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Dr Chaand Nagpaul: ‘These statistics are tragic’

It’s tragic that one in five trainees is intending to work overseas. It costs half a million pounds to train a GP and that’s an utter waste to the taxpayer if they go abroad afterwards.

But it’s a reflection of the workload. I don’t know from this survey where the doctors plan to go to, but we know already that countries such as Australia, New Zealand and Canada are attracting GPs from the UK.

It’s no good just recruiting more GPs if it’s going to be more than offset by those leaving the profession. It’s crucial to retain the workforce. If you don’t, the workload will become increasingly heavy and you won’t be able to attract more GPs.

But only half of GPs would recommend general practice as a career. I fought to be a GP and feel very privileged to be in the profession. It is such a shame that the pressures of the job have resulted in such low numbers of recommendations.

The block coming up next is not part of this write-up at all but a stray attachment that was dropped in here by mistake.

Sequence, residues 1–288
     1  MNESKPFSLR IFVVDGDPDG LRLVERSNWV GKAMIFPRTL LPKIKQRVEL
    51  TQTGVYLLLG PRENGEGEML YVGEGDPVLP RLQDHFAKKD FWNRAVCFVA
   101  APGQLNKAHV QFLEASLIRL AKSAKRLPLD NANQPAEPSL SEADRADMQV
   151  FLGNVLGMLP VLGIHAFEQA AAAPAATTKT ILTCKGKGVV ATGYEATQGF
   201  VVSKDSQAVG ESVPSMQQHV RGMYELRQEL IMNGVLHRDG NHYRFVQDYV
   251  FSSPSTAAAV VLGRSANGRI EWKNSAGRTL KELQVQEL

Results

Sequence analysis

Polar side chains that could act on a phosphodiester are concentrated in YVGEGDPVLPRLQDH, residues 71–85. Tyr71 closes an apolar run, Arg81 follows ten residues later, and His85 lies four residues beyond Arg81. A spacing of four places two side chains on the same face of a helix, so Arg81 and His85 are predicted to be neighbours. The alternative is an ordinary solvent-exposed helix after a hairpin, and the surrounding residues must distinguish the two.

Unless you address what’s putting off GPs there will be a serious risk that we won’t have the infrastructure to meet patient need in years to come. A big problem is that unresourced work is continually shifting into the community. Early discharge schemes mean that patients book more appointments with their GPs as a result.

Patients need more follow-up appointments and on top of that there are more sutures that have to be removed by practice nurses. I’ve written to CCGs and told them that any commissioning change like this should be examined for workload implications.

But there is a transfer of this work towards GPs without the extra support. We need to send out a message that general practice must not be a back-stop for all these policies. Work is being transferred to general practice, expecting it to be a sponge without a saturation point.

At the moment there’s a total denial of the problems. The most important thing is that policy makers open their eyes – because the challenges experienced by general practice are staring them in the face.